In the past weeks, many have commented on Europe's response to the current refugee crisis compared to refugees from other war-torn countries. In Poland, this contrast is especially stark given the fact that some months earlier, there was a crisis on the Poland-Belarus border where refugees were literally brutalized, left to starve and freeze in the cold, even fired upon with water cannons in the freezing weather with no chance of shelter.

During this time, there were people who were scandalized and tried to help. This was despite the fact that the government closed off the area, including to media, to NGOs and by entering this area, one risked police brutality and arrest. On the other hand, there were also far-right groups that sent paramilitary groups to intimidate and brutalize those trying to cross.

We are talking about tens of thousand of people over the fall and winter of 2021, most from places like Syria and Yemen. There were people who spoke out, there were some modest protests and people who went to help. It seemed like the majority of people, whose hearts are now so open, either remained silent or wholeheartedly supported the brutal actions of the state.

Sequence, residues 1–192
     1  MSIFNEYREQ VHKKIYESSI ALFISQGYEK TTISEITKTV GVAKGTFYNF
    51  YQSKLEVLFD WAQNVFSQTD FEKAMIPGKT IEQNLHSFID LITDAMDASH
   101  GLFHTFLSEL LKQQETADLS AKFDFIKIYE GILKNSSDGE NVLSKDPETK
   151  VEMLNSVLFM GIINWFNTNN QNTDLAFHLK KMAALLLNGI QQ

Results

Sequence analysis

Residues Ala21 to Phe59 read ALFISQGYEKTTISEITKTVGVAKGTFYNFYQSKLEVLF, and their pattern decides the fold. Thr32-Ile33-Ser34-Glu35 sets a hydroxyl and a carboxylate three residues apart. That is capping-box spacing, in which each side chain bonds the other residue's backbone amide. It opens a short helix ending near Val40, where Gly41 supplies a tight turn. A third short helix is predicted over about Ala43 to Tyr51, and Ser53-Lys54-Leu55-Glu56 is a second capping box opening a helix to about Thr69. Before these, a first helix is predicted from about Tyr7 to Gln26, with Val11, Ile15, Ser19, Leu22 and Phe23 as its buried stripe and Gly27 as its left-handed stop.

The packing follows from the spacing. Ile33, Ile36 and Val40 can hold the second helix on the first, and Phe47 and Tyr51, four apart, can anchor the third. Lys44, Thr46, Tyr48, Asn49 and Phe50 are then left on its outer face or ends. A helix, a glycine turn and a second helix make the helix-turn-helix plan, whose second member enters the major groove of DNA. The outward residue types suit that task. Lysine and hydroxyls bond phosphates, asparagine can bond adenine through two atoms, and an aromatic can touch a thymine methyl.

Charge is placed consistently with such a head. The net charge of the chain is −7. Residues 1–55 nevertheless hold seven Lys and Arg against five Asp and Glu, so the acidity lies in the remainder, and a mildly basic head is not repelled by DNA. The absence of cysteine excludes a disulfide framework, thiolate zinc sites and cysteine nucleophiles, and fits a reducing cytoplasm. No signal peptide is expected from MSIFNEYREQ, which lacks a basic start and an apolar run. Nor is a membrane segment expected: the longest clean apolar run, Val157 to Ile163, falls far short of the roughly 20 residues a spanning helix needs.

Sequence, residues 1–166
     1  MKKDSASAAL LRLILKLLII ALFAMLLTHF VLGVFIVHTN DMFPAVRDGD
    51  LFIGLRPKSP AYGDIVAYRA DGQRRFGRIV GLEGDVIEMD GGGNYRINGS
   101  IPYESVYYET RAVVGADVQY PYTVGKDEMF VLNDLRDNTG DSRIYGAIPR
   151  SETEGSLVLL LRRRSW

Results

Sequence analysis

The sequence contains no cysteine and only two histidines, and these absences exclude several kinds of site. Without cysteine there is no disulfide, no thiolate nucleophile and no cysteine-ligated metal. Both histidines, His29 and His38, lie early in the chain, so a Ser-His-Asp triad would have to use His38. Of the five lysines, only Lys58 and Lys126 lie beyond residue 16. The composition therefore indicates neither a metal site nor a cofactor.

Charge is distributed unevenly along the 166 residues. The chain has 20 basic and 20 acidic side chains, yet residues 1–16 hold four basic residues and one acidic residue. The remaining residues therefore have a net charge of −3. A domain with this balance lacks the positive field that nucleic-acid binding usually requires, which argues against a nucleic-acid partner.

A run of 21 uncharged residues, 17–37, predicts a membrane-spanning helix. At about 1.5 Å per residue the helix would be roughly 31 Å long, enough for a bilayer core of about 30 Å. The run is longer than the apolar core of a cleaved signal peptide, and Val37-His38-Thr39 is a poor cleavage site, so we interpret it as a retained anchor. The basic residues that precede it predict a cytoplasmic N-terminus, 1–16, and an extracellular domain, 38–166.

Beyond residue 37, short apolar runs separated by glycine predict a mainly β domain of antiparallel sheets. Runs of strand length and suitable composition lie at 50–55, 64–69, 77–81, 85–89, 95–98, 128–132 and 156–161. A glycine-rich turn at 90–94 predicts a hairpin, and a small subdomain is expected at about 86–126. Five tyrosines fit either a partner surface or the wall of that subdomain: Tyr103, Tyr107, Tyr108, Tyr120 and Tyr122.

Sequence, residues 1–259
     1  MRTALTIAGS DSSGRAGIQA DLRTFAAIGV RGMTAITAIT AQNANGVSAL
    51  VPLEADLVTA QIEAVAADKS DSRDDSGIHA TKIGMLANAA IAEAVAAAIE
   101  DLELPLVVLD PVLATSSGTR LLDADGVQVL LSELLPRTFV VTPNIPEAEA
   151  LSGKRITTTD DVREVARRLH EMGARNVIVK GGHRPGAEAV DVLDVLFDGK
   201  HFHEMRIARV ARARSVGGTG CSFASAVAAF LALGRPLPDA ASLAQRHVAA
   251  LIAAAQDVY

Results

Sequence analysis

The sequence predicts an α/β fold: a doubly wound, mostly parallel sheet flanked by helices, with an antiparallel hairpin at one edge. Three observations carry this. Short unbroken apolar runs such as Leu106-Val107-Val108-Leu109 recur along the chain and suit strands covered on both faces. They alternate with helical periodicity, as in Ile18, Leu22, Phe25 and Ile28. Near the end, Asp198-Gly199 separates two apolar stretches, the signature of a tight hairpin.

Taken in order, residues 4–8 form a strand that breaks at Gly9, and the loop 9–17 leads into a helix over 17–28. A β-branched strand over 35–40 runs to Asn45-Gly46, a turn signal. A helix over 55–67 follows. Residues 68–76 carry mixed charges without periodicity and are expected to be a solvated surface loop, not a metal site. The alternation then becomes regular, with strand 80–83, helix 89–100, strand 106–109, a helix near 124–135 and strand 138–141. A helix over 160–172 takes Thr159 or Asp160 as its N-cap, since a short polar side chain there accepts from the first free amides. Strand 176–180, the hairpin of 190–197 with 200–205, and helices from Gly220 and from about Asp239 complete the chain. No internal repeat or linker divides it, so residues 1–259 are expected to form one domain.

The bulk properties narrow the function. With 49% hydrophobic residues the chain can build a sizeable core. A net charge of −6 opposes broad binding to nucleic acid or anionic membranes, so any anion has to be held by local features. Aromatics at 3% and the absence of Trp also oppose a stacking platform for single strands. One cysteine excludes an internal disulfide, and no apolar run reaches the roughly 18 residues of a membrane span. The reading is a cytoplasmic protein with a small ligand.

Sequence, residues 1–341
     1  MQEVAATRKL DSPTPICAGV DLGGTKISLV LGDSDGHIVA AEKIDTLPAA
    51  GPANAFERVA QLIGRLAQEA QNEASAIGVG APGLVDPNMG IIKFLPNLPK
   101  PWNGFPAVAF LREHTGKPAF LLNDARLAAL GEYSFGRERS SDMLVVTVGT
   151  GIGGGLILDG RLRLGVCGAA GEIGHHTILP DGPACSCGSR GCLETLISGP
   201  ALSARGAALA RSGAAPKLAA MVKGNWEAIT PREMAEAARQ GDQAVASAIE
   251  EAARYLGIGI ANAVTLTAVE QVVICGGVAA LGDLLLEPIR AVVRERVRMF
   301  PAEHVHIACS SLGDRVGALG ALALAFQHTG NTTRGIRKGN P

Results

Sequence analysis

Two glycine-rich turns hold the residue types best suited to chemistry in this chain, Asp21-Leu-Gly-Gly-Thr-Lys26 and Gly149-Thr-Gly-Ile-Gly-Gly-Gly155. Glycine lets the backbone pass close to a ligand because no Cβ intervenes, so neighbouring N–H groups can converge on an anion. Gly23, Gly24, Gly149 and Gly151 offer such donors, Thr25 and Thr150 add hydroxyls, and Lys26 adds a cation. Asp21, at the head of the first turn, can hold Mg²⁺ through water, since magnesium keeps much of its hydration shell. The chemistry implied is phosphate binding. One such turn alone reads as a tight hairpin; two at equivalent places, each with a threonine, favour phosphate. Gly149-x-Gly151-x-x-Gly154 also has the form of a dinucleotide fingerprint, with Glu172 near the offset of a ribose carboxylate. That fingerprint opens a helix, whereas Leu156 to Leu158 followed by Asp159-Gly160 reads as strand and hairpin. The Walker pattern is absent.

These actions are still going on. Recently the New York Times published an article about two people trying to cross the border on the say day: a man from Sudan and a woman from Ukraine. (1) Unfortunately, one is shown tremendous hospitality and kindness; the other subjected to racist slurs and cruel behaviour by the Border Guards, hunted down with drones and helicopters.

Polish people don't like to be called racists and, indeed there are lots of people who do not hate this way, despite growing up in an environment where racism is tolerated. Certainly the people prefer the image being cultivated now, of a warm and open people willing to go to great lengths to help those in need. Only it is clear that this type of treatment is usually reserved just for those who they clearly indentify with – in other words, people who are white.

Even people who have fled from Ukraine who are not white have not encountered the same type of hospitality as their white counterparts and there have been some reports of racism.

(1) Two Refugees, Both on Poland’s Border. But Worlds Apart by Jeffrey Gettleman and  Monika Pronczuk